The Canadian Mental Health Association estimates that one in five Canadians will experience a mental health challenge. The full impact of mental health issues is even broader: almost every adult Canadian at some point has either been directly affected, or has a family member, friend or colleague with a mental health issue.
In terms of economic cost, mental health issues cost the Canadian government approximately $50 billion annually.
Although these figures are staggering, they are not surprising. The issue is not about delineating the problem but about what to do about it.
Family doctor shortages, emergency rooms over capacity with periodic closures due to low staff numbers and long wait times for surgeries, are just some examples of the overburdened health-care system across Canada. Mental health care can be even further delayed than physical health care.
Increasing funding for health care may not change the landscape of mental health care.
Complicating the mental health care issue
It’s not just about illness, it is also about wellness. The government of Canada defines mental health as, “the state of your psychological and emotional well-being.” Wellness is multidimensional, often viewed comprising eight elements: emotional, physical, occupational, social, spiritual, intellectual, environmental and financial. A reduction in any one of these areas can decrease well-being and quality of life.
It is estimated that the global “wellness market” is more than US$1.5 trillion with an estimated increase of over five percent per year. There is both an increase in consumer interest and in consumer purchasing of wellness-related products.
From an educational perspective, this interest in wellness can be mobilized to improve people’s quality of life, regardless of an individual’s starting point. However, with misinformation proliferating on media outlets, it is imperative that the information the public receives is evidence-based.
The education of wellness
Education is widely recognized as a social determinant of health, on par with factors like income, housing and access to health-care services. Researchers have also noted the importance of education as a crucial aspect of public health action.
Universities are about education and research. Unfortunately access to such can be limited to those who have the pre-requisites and the money to pay for higher education, leaving out a large segment of the population. However, everyone can benefit from wellness research if it is delivered in an accessible format that is affordable.
Universities are ideally positioned to not only create knowledge but to broker knowledge by delivering science-based wellness information to the general public.
The Mental Health and Well-Being Research and Training Hub (MeWeRTH) at Carleton University, where Joanna Pozzulo is director and Anna Stone is an administrator, was launched in December 2020. Its main mission is mobilizing knowledge to improve daily life.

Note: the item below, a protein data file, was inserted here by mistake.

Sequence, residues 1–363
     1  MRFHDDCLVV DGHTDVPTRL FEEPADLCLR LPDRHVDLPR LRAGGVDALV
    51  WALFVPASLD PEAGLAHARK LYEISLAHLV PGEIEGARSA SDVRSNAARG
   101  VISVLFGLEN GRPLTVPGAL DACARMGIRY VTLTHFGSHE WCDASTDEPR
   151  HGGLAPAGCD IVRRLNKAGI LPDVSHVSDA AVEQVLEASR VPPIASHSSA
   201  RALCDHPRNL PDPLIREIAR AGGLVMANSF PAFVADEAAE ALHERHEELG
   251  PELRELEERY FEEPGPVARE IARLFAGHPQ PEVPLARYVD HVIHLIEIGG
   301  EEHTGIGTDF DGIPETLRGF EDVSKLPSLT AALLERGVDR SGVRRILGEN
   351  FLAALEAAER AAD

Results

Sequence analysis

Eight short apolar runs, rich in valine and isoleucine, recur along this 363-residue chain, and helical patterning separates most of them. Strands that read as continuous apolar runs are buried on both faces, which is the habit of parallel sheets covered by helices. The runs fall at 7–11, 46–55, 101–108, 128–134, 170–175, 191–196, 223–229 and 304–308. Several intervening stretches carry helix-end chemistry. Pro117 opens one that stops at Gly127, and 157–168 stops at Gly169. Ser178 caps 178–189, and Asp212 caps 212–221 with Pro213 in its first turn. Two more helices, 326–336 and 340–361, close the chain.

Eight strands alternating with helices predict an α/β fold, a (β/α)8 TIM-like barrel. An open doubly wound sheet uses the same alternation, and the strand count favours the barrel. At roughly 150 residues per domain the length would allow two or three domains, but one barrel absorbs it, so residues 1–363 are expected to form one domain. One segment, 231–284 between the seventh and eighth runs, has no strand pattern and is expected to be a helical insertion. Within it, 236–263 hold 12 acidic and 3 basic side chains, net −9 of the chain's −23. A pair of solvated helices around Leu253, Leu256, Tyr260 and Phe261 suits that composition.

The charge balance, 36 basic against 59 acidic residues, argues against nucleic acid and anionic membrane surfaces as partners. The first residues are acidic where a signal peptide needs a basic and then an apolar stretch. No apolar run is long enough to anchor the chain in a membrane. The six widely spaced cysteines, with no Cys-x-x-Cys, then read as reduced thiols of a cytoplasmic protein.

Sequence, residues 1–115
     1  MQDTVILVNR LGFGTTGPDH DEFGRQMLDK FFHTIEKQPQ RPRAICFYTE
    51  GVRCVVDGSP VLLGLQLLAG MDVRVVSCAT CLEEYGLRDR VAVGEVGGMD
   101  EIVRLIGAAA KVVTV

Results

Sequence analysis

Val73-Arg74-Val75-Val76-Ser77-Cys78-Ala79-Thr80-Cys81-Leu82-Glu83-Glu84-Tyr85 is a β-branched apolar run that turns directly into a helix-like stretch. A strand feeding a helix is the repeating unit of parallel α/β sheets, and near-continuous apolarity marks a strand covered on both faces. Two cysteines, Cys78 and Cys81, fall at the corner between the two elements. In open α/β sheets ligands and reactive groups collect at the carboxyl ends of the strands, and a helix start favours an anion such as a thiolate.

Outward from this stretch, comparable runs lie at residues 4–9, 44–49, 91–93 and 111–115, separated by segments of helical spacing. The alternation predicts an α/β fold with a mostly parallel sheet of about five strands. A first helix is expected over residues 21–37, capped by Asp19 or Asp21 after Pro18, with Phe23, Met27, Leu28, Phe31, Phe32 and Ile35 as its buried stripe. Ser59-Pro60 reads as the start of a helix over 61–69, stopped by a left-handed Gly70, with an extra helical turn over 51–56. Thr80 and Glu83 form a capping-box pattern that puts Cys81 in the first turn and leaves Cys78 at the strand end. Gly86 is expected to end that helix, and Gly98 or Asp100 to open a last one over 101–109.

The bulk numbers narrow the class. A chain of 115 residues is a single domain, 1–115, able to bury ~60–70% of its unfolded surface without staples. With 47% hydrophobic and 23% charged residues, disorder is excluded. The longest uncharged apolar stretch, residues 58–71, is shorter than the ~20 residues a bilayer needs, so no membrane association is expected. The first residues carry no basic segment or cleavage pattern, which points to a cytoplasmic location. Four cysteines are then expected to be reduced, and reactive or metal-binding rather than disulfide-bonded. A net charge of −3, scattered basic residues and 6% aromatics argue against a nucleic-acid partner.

To this end, we offered non-credit wellness courses to the general public and evaluated whether these science-based courses promoted 1) mental health and well-being and 2) engagement with course material outside of class time.
We offered four wellness courses that were advertised to the broader, local community:
- The Benefits of Nature on our Well-being,
- Me, Myself and I: Exploring the Psychology of Solitude,
- Maintaining Wellness Amid Chronic Illness and
- Parenting your Child/Teen with ADHD.
Courses consisted of 12 hours of instruction over six weeks, using a virtual platform in real time, with no pre-requisites. Cost per course was $200 per participant to cover administrative expenses. Course size was limited to 20 people per course to facilitate discussion and engagement with the material.
Instructors were content experts with graduate level degrees. Participants ranged in age from 16 to 75 years old from various backgrounds, and a range of experience with educational institutions (i.e., ranging from some high-school level education to doctoral level degrees).
A small sample of seven participants completed pre- and post- evaluations. Overall, these participants reported an increase in well-being after completing the course. However, they did not report an increase in mental health, which may highlight the difference in these two concepts. It’s also important to note that respondents reported having started their course in “good mental health.”
Respondents indicated that they sometimes engaged with the material outside of class time, but that their behavior did not change. It is unclear whether respondents took the course with the intention to change their behavior.
Respondents also indicated that they shared some of the material they learned with friends, suggesting that these courses have the potential to create a community for improved well-being that extends beyond the classroom.
A path forward
Universities are well positioned to offer wellness education to a general public in an accessible format. There is interest from community members to take these courses with course content having the ability to improve well-being. Moreover, by students in these courses sharing the knowledge learned, well-being is passed on to others thereby creating a “more well” community.
Fees for these non-credit courses can be prohibitive which represents an on-going challenge on how to fund this type of education. As well, more research is needed to understand the relationship between well-being and mental health.
This article is republished from The Conversation under a Creative Commons license. Read the original article.
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